Beginning life as the aptly named Itchy Brothers in '68, Brothers Richard and Fred Young, along with cousins Greg Martin and Anthony Kenney, became the The Kentucky Headhunters in '86. Their loose-limbed, rattly backwoods rock and roll earned them accolades since their '89 debut, Pickin' On Nashville. That original lineup is still in place with the addition of Doug Phelps on rhythm and lead vocals.
But back in '03, the band temporarily took on another member. Chuck Berry's pianist Johnnie Johnson joined with the band to cut some tracks for '03's Soul. The band liked the result so much they planned to make it a standalone release, but the project got shelved until last fall, when Johnson's widow contacted the band and asked them to release it before she got too old to enjoy it.
Age has only improved this offering, rockin' Appalachia-billy that'll put a big ole grin on your face. Released June 2, 2015, as Meet Me in Bluesland, it's a raucous romp through a passel of original rockers, with Johnson providing rhythm and blues flourishes.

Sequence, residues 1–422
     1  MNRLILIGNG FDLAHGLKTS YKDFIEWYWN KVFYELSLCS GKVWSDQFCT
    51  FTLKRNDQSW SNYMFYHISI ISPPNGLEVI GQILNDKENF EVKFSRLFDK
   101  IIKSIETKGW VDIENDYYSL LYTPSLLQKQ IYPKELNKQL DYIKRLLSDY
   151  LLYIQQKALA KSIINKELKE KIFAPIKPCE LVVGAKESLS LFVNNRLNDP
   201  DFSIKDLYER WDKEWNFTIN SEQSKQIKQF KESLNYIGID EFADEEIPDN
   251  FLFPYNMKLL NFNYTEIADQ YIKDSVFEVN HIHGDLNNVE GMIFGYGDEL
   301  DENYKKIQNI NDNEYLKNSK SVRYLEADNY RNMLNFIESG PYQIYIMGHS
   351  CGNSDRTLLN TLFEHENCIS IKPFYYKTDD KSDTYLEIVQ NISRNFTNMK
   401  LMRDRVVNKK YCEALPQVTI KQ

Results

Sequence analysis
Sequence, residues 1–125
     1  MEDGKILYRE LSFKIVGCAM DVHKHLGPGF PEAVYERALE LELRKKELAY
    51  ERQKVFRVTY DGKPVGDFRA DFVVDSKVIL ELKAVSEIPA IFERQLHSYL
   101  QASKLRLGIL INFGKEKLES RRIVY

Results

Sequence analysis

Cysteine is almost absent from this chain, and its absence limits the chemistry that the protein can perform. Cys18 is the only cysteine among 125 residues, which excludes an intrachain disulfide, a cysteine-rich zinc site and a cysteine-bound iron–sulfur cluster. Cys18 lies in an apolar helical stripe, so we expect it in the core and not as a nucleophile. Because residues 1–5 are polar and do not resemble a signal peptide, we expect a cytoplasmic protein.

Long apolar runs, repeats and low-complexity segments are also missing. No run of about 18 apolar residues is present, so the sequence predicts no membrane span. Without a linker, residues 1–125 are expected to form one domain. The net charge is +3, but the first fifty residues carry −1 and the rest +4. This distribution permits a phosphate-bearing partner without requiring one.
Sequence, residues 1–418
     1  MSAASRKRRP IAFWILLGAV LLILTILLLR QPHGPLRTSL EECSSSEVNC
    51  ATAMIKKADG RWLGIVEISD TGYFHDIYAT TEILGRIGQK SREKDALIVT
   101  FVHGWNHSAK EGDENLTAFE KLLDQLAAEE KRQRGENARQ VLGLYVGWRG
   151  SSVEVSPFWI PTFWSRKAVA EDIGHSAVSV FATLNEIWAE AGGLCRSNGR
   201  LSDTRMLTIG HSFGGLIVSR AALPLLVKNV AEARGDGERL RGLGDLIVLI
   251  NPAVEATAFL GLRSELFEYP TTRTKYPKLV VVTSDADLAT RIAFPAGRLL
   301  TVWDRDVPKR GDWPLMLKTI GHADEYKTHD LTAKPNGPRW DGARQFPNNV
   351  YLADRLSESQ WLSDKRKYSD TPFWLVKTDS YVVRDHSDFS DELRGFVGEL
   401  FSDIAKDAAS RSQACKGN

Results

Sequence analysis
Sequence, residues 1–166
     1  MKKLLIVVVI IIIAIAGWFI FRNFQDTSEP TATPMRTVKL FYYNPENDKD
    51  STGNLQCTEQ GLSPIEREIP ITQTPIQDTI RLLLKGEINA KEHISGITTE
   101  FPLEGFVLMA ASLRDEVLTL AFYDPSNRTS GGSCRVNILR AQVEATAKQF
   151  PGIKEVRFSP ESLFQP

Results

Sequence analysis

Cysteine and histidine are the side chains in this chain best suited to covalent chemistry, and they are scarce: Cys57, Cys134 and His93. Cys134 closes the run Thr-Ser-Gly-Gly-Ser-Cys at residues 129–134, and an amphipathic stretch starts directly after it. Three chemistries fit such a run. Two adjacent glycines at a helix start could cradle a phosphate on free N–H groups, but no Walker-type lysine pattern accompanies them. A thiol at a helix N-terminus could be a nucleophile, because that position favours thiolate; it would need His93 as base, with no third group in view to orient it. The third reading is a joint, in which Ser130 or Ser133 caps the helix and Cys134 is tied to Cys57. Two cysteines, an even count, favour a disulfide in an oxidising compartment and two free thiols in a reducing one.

“Stumblin'” is Headhunter speak for what you do after a couple of 'skis down at Dumas Walkers. "Let's go stumblin', cause you know we can't dance/Baby,you can step on my head/ I'll be shaking like a chicken that's dead," Doug Phelps bawls, while Richard Young provides the Chuck Berry twang, with a ton of whammy bar action.
The band takes its first excursion into bluesland with “Walking with the Wolf.” Richard Young bellows raw screamin' blues over greasy Allman-esque slide, offset by Johnson's delicate piano tiptoeing through the juke joint, tinkling like breaking bottles.
Berry's “Little Queenie” showcases Johnson's barrelhouse piano, pounding out licks like a wrecking ball. Johnson gets top billing once again on “She's Got to Have It,” his last recorded vocal, his basso croak thick as molasses.
Although he didn't write “Party in Heaven,” it reeks of Berry-isms, chugging along like a boogie-woogie freight train bound for glory, with Johnson shoveling coal into his pumpin' piano, Young hanging in on guitar like a dirty shirt, stinkin' with rattly Berry twang.
It's long been rumored that Johnson never got credit for all the tunes credited to Berry. In the '86 documentary Hail Hail Rock and Roll, celebrating Berry's 60th birthday, bandleader for the occasion Keith Richards wondered aloud about Berry's tunes being in piano keys, alluding to the fact that Johnson may have written many of them. He may never get credit for that -- Johnson died in '05 at the age of 80. But thanks to the Headhunters, his legacy and his powers as a performer live on, showcased here at the height of his powers.